Checking Out of the Comfort Zone and into E-Payments
In September 2013, the Association for Financial Professionals (AFP), parent of gtnews, conducted a survey of its US corporate practitioner members on the barriers to their payment methods, and received 484 responses. The
2013 AFP Electronic Payments Survey
, underwritten by JP Morgan, found that about 50% of US treasury and finance professionals still use cheques for B2B payments. Cheque usage is clearly declining; the respective figures were 54% in 2010 and 74% in 2007, but there is still a long way to go before paper is truly phased out of the system.
“B2B is still the toughest area in which to gain traction for electronic payments [e-payments],” said Anita Patterson, CTP, director of treasury services for Cox Enterprises, during an AFP webinar on the survey.
“Frankly, I was pleasantly surprised that 50% of B2B payments are being made electronically. Not surprisingly, the largest companies – those that have at least US$1bn or more in revenue – use cheques for a smaller share of their B2B payments than do the smaller companies. The larger companies use cheques for about 40% of their payments, whereas the smaller companies use cheques for about 63% of their payments.”
Simply put, cheques work for smaller US companies. They are not complicated, and many companies do not see a reason to change.
Readiness for Transition
That is not to say that corporates are not very interested in moving to e-payments. One in five survey respondents said they make the majority of their payments electronically. Moreover, 48% of survey respondents said their organisations are likely to convert a majority of B2B payments made to major suppliers from cheques to e-payments over the next three years.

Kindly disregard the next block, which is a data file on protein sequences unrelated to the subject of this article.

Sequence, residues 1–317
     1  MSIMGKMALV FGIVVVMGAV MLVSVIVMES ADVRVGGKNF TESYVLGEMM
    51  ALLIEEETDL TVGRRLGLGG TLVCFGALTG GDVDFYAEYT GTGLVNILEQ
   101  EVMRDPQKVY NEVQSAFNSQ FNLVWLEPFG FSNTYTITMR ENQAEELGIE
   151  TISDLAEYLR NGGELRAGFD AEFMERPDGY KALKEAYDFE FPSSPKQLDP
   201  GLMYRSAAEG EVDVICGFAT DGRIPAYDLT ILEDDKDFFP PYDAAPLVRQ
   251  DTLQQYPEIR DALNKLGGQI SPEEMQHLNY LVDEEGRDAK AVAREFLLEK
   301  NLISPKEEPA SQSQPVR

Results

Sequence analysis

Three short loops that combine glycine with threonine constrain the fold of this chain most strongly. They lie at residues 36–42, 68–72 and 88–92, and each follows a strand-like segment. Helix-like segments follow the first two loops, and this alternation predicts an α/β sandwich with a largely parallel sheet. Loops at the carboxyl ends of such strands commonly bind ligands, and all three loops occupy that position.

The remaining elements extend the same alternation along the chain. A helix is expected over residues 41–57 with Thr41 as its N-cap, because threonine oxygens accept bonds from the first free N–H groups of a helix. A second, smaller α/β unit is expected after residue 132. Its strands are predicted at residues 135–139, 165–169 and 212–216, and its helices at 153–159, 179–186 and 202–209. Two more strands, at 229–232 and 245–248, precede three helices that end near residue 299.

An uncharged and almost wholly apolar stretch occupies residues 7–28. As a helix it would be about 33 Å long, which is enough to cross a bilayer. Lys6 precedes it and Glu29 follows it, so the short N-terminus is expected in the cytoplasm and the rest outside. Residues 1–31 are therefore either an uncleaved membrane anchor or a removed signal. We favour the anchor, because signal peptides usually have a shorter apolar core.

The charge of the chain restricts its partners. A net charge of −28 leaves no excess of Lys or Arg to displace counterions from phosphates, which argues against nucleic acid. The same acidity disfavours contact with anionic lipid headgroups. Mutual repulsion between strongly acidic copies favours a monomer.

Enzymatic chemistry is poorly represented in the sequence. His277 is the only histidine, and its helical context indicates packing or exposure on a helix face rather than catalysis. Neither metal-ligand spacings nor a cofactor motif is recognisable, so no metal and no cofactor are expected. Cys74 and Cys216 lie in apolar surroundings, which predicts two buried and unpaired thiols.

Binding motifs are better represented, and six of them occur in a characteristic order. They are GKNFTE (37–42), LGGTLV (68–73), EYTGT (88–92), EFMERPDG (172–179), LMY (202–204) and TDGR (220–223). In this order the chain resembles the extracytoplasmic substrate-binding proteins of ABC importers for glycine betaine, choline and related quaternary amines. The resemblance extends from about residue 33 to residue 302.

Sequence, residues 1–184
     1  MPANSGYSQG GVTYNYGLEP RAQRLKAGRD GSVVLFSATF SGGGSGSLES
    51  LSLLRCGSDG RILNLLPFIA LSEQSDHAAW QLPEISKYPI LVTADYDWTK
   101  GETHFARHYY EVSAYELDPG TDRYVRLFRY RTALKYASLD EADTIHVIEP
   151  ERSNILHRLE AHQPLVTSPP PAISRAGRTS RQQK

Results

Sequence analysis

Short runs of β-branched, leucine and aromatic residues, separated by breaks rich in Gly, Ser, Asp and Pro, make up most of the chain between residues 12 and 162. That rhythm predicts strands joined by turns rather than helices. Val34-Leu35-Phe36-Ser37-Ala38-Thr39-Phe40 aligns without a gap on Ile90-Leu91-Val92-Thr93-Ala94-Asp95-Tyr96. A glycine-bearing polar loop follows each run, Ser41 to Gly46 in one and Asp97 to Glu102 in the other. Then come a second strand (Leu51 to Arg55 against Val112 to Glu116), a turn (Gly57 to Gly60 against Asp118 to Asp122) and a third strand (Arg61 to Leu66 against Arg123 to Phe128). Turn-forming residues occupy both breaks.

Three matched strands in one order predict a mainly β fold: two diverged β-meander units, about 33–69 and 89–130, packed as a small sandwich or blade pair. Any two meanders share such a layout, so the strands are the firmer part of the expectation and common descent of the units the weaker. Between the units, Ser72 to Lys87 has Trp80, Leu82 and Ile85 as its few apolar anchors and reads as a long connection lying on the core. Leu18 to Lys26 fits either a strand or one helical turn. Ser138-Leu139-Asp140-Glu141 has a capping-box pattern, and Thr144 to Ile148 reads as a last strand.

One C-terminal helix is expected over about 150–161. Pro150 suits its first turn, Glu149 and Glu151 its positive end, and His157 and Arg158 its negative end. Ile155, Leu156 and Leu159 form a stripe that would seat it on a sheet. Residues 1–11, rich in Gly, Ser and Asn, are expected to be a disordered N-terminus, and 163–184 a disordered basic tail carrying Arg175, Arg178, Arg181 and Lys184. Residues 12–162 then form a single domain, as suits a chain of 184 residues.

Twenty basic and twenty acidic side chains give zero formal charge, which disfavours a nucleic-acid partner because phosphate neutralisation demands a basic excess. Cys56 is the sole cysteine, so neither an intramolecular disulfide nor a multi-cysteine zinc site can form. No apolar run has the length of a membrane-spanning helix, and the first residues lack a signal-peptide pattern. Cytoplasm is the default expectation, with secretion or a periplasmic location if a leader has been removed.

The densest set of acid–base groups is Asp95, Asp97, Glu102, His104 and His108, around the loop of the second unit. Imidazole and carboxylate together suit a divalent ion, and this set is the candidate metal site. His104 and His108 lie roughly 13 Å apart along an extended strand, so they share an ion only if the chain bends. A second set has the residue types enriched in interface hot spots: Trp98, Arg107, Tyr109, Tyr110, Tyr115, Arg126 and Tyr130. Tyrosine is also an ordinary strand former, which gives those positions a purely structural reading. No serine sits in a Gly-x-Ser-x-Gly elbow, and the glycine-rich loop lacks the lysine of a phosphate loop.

Additionally, many corporates do see the pitfalls in relying on paper cheques for the long haul. In an AFP webinar poll, about 47% of members said that they believe US businesses might be missing out on international trade due to their relatively high use of cheques.
One key barrier to automated clearing house (ACH) payments is a lack of straight-through processing (STP), which is actually easier to achieve with paper cheques. With ACH, remittance information is an issue. Fully 74% of US businesses send remittance information via email, separate from the actual payment, making STP more of a manual process. “A lockbox is actually a more efficient method,” noted Magnus Carlsson, AFP’s manager of treasury and payments.
In an AFP webinar poll, nearly all members (99%) said that the ability to send all remittance information along with the payment itself would be beneficial. Surmounting this hurdle could be a game changer for many organisations.
Lastly, many US treasury and finance professionals find the process of electronification cumbersome and costly. One thing that might help in this regard is an open directory that contains basic e-payment information (bank ID, account numbers, etc.). With such a guide in place, nearly 44% of respondents to an AFP webinar poll said they would be more likely to switch from cheques to e-payments.
Many US corporates are certainly aware of the benefits of converting to e-payments. Fifty-seven per cent of survey respondents cited cost savings as a top benefit of making the transition. Additionally, improved cash forecasting (46%), fraud control (39%) and more efficient reconciliation (37%) were also named as key reasons for switching to e-payments.
However, while many companies might want to stick with what is familiar, corporates can build a business case to move on from cheques. A prime example is
the New York City Finance Department
, which won AFP’s 2013 Pinnacle Award Grand Prize for developing e-payments functionality responsible for collecting US$49bn of receipts generated by 29m payments from 36 individual agencies.
From Carlsson’s perspective, corporates must begin making that business case, which he views as the key for a major shift to happen. “Whether the business case is based on the enhanced efficiency of new technology, or based on higher cost for legacy payment methods makes no real difference – a business case is a must,” he said.